A programme designed to promote healthy relationships to teenagers has made it to Whanganui.

Wanganui Girls' College Year 12 students were the first in the city to experience the Loves-Me-Not programme last week. The school was impressed enough that it has decided to extend it to its Year 13 students.

The programme, set up by the Sophie Elliot Foundation, teaches teenagers about what makes a healthy relationship in order for them to better identify signs of a abusive or controlling one.

The death of Miss Elliot at the hands of a former boyfriend highlighted that she had been in a typically abusive relationship, and there were signs that she or her mother Lesley had not been able to pick up on.


Aimed at Year 12 students, the day-long programme is taken by a teacher, a police officer and a representative of a family violence prevention organisation.

Wanganui Girls' College assistant principal Prabh Mokha said the school jumped at the opportunity to offer the Loves-Me-Not programme to its students.

"It's really important to ensure that young women are empowered and grow up to be empowered older women," he said. "That's the key age where students have the emotional understanding to follow the information, and it's not too late for them to be able to adapt," Mr Mokha said.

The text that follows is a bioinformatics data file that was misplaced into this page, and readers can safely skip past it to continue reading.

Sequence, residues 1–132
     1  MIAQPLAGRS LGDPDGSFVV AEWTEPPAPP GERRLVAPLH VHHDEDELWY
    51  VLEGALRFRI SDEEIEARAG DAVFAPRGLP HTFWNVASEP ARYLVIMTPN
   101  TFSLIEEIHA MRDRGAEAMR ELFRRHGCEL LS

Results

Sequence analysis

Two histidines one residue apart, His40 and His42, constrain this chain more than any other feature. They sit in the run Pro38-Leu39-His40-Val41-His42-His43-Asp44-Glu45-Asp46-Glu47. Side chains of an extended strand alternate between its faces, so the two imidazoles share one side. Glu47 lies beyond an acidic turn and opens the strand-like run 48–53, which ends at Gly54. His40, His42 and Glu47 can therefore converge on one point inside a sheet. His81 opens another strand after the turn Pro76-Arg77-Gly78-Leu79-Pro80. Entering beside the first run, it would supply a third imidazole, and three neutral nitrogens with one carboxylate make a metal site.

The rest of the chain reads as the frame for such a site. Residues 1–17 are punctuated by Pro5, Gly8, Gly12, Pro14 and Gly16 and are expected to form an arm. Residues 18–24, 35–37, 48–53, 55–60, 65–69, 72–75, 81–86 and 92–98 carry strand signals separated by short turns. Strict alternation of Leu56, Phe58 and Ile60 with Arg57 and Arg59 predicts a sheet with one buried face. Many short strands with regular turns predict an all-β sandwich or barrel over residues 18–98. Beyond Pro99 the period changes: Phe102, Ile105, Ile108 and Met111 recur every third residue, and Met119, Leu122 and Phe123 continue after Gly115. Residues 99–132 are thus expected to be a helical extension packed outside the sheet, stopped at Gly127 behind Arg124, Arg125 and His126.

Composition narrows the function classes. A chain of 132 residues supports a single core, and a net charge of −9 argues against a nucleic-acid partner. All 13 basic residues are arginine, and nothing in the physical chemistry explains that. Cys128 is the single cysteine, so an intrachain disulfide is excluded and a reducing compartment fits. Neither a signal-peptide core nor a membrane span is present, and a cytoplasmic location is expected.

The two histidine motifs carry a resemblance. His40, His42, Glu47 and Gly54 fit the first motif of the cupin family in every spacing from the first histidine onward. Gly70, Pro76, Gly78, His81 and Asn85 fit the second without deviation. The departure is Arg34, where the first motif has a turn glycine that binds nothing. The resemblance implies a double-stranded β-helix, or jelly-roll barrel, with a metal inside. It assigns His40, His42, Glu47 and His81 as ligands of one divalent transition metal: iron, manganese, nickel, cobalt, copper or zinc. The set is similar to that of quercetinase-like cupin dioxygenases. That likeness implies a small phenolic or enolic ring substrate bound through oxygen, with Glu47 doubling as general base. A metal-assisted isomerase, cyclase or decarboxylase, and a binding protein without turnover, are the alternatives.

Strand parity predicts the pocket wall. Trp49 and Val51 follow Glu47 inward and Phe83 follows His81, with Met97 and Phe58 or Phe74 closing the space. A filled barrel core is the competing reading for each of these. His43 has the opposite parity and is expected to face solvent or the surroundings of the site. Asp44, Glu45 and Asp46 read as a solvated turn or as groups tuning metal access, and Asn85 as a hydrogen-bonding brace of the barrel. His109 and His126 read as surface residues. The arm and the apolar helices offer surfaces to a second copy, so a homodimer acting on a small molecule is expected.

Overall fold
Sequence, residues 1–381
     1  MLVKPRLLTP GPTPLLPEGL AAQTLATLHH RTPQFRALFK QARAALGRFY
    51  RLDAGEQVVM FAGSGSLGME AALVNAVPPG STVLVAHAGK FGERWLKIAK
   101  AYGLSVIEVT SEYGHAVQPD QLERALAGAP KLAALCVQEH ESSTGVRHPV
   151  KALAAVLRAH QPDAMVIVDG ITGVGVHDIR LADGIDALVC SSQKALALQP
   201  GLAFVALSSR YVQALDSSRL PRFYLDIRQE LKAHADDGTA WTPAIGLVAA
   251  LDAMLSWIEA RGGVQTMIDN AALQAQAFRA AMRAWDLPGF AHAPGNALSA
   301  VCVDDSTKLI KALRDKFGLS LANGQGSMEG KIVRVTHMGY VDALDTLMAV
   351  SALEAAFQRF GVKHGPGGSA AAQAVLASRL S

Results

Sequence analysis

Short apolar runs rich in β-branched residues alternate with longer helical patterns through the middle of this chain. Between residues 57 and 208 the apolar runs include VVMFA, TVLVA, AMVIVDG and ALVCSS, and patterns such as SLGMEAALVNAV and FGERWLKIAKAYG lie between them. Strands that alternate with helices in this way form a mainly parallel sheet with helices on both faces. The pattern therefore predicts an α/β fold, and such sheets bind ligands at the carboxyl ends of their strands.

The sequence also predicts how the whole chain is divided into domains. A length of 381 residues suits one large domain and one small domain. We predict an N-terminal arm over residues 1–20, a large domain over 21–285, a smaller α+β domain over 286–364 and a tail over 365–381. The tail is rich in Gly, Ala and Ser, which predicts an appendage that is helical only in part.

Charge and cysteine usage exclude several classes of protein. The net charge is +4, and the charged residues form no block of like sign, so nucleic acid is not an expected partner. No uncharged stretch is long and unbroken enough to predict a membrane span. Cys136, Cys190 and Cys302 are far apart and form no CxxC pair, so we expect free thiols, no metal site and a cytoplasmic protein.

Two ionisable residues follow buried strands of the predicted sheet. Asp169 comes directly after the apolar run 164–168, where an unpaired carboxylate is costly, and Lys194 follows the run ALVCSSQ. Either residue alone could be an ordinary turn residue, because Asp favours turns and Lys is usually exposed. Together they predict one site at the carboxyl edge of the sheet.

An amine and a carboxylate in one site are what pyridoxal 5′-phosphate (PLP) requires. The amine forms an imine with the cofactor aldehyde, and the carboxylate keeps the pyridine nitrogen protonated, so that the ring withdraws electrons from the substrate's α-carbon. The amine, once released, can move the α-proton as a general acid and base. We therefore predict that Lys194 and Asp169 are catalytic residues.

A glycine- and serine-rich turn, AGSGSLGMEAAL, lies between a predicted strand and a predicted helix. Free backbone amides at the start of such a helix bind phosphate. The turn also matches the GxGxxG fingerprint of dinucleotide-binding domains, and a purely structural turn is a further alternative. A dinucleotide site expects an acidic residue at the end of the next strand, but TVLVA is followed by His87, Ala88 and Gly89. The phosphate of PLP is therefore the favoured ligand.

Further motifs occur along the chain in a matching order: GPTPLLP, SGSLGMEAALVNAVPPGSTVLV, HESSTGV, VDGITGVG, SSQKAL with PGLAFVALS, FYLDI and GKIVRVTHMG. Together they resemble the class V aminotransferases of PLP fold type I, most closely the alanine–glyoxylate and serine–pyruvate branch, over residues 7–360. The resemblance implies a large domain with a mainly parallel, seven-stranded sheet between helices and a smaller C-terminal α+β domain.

He said the programme focused on the characteristics of positive relationships, such as being collaborative, being supportive and being understanding rather than negative.

"It's about healthy relationships. What does a future awesome relationship look like? It's not a scaremongering thing."

Subjects include barriers to healthy relationships, what consent is and how to help others.

It proved popular enough for the school to decided to offer it to its Year 13s as well.

"The girls thought it was really, really good," Mr Mokha said.

Constable Paul Miller, one of two school community officers in the city, said it would become an annual programme for schools. Wanganui High School was also booked in for next term. Mr Miller said teenagers who had grown up in a household with family violence may not know what a healthy relationship was. "We see that from a police point of view by attending different incidents. This programme shows boys and girls what a healthy relationship looks like."